It has been said that athletic frontcourts are the Celtics Achilles heel. The Hawks, as everyone knows, swept the Celtics this season, and last week the Cavaliers unleashed the hounds once Shaquille O’Neal left the game. Those teams have proven to be too quick on the dribble and on the boards for the Celtics aging frontcourt to handle.
Of the teams alive in the bottom half of the Eastern Conference playoff picture, only one really fits that description: the Bobcats. Unlike the Hawks and the Cavs, however, Charlotte’s athletic frontcourt is better suited for defense than for offense. The Bobcats are one of the worst offensive teams in the NBA. They don’t shoot well, they’re not particularly strong on the offensive glass and they turn it over as much as the Celtics.
They are also thin in the backcourt and injured up front with three centers on the shelf for tonight’s game. But they are dangerous, more so now with the addition of Tyrus Thomas the one-time Chicago Bull headache. The Cats are dangerous because they slow the game down to a crawl and play terrific half-court defense, a staple of Larry Brown-coached teams.
If the Celtics were to meet the Bobcats in the playoffs (and if Charlotte was healthy) it could be the proverbial bad matchup for the C’s. Tonight’s game should give something of an indication if that indeed would be the case.
BOBCATS (28-30, 4-6 last 10)
Points Per Game: 94.9
Points Allowed: 94.3
Differential: +.6 (15th)
Offensive Efficiency: 103.9 (24th)
Defensive Efficiency: 103.2 (5th)
Pace: 90.6 (27th)
CELTICS (37-21, 5-5 last 10)
Points Per Game: 98.6
Points Allowed: 94.3
Differential: +4.3 (7th)
Offensive Efficiency: 106.8 (14th)
Defensive Efficiency: 102.2 (2nd)
Pace: 91.7 (21st)
Injuries: Perkins (Flu, questionable) Read the rest of this entry »
|03.02.10 at 10:15 pm ET|
The Celtics don’t need to care about style point right now, which is good because there weren’t many to be had Tuesday night in Detroit. For three quarters they couldn’t shake the Pistons, who at 21-39 are the definition of lackluster. That the Celtics came away with a 105-100 victory is really the only thing that matters.
The big picture is still cloudy for this team, and it will take much better efforts than this to compete with elite teams in the Eastern Conference. Perhaps a win like this will finally convince the Celtics that this is their reality now. Perhaps not. We’ll simply have to wait and see if they are ready to move beyond their professed “boredom” and get to work.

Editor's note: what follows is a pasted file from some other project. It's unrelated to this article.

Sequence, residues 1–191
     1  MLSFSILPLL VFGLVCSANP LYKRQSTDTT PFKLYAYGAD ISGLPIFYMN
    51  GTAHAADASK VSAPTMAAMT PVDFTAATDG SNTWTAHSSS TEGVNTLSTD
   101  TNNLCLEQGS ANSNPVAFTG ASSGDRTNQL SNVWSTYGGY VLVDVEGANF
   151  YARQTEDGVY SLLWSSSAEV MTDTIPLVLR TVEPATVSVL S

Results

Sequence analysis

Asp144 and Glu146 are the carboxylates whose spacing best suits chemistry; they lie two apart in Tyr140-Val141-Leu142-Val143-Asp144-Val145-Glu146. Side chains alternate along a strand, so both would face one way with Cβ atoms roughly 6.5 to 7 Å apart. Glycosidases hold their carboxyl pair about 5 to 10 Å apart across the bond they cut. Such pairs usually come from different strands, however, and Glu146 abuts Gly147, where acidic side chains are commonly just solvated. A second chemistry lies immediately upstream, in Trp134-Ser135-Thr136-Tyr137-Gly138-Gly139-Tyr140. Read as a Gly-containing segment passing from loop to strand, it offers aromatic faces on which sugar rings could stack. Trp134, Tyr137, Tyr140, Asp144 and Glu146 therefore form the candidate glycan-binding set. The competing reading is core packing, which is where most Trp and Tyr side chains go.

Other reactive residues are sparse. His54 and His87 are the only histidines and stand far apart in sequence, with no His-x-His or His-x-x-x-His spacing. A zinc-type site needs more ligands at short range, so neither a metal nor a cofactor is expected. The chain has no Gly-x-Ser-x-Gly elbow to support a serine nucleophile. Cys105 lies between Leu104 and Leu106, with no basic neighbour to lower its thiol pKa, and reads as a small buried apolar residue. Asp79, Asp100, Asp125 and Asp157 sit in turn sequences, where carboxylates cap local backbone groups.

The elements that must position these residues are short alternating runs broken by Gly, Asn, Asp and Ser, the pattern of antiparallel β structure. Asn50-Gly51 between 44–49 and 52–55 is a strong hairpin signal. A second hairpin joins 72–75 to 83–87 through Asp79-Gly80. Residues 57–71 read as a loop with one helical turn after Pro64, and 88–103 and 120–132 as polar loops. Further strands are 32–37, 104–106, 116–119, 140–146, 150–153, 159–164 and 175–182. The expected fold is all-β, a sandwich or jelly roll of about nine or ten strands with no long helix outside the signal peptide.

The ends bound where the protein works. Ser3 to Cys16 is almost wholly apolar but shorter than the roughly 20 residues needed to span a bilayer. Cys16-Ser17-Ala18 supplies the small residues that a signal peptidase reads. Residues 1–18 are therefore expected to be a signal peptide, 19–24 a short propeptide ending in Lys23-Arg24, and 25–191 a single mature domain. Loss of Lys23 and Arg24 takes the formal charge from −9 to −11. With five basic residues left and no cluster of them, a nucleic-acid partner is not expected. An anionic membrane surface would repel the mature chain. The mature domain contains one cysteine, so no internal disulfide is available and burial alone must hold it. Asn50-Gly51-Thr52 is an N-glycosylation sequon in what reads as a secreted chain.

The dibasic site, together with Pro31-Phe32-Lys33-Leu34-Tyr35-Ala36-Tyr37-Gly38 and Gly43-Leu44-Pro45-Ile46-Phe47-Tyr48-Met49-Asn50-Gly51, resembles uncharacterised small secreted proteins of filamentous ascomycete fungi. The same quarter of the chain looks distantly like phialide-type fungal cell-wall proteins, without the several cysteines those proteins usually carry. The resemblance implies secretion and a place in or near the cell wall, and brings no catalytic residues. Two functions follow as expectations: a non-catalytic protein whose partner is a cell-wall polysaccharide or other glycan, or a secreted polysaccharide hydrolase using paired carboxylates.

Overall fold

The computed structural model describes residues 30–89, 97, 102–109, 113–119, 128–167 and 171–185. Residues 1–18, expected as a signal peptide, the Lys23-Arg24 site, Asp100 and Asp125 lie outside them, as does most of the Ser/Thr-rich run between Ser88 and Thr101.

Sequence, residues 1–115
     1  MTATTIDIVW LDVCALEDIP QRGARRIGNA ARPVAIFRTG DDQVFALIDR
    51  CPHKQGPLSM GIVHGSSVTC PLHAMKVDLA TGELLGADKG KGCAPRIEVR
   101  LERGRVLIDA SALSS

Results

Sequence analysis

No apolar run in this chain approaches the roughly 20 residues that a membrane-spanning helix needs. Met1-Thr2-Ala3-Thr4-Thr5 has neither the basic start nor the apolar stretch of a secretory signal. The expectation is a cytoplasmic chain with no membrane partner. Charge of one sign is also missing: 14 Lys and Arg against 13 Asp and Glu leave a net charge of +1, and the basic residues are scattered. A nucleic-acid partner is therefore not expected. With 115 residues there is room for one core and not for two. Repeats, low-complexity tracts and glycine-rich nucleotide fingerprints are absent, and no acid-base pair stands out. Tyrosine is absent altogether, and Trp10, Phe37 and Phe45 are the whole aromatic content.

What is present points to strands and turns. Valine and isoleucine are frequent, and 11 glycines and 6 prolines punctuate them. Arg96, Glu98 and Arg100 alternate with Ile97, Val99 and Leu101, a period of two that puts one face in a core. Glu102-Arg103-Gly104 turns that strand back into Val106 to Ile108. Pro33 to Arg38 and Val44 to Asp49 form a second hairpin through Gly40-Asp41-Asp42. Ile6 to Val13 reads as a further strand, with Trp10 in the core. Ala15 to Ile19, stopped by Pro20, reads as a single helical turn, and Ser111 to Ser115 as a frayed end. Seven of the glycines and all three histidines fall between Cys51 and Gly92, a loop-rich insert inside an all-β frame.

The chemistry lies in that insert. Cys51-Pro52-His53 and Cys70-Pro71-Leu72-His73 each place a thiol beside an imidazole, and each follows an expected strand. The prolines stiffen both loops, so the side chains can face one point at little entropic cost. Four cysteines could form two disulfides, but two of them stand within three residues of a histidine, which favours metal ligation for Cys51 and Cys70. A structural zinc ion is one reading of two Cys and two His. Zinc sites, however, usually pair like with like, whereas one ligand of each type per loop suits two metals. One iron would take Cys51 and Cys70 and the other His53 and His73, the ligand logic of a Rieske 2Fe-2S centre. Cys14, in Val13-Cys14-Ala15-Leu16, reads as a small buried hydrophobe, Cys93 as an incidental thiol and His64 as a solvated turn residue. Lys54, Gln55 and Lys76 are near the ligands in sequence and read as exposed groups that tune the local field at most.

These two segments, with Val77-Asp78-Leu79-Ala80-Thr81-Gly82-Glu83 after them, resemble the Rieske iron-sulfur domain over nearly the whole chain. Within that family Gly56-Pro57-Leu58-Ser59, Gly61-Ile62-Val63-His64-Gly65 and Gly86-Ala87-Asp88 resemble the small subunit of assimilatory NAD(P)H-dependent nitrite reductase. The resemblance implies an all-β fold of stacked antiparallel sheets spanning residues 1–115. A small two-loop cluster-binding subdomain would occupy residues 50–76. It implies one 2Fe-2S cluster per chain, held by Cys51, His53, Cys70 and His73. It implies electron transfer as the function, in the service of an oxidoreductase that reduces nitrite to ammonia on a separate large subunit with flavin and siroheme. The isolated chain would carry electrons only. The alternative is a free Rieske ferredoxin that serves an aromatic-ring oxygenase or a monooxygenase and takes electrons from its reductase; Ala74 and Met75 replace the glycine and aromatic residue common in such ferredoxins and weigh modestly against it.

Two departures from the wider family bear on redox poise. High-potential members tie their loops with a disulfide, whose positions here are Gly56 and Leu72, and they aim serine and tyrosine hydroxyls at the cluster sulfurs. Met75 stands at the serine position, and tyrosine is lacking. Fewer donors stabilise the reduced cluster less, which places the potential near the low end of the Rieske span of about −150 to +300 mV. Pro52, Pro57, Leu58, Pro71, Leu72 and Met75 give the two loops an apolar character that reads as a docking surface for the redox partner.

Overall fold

In the meantime they will surely take a win, no matter how unsightly or ugly it was. If they are looking for positive signs, their bench was the difference-maker, particularly Nate Robinson, who came to the rescue in the fourth quarter. Rajon Rondo, who had one of the worst 15-point, 11-assist games you will ever see, managed to make all four of his free throws in the final minute.
But the most important thing was the victory. Now they have to do it again Wednesday night in Boston.
Turning Point: Trailing by three points at the start of the fourth quarter, the Celtics bench took over. Up to that point there had not been much of note for the second unit. But then Nate Robinson got hot and Glen Davis got active. The bench went on 17-6 run that gave the Celtics an 89-81 lead.
Player of the Game: Rasheed Wallace didn’t score the most points and he didn’t grab the most rebounds. He didn’t dominate in the paint and he didn’t bury a bunch of 3-pointers. He did, however, play the kind of defense the Celtics expect from him and he did take good shots within the rhythm of the offense. Wallace also had a big block on Jonas Jerkebo down the stretch, making his second game in Detroit a little more memorable than the first.
* Robinson played the majority of the fourth quarter and scored 14 points in just 15 minutes of action. He energized the Celtics offensively.
* Ray Allen scored 18 points and he did most of his damage in the second half when the Celtics needed it the most. He also had a bizarre turnover when he simply slipped and lost the ball out of bounds.
* Detroit shot 3-for-20 from 3-point range, while the C’s went 9-for-18.
* Paul Pierce returned to the lineup after missing the last three games games. Pierce drained a 3-pointer and didn’t appear to favor his injured thumb. He finished with nine points, one rebound and one assist in 29 minutes.
* The news wasn’t so good on Kendrick Perkins who sat out the game with the flu. This is the first game that Perkins has missed all season. With Perkins out, Shelden Williams became the second big man off the bench in Doc Rivers‘ rotation. He has played just seven minutes since Jan. 14.
* Austin Daye, the son of former Celtic Darren Daye, had a big half with nine points and four rebounds for Detroit.
* Kevin Garnett picked up a technical foul late in the half.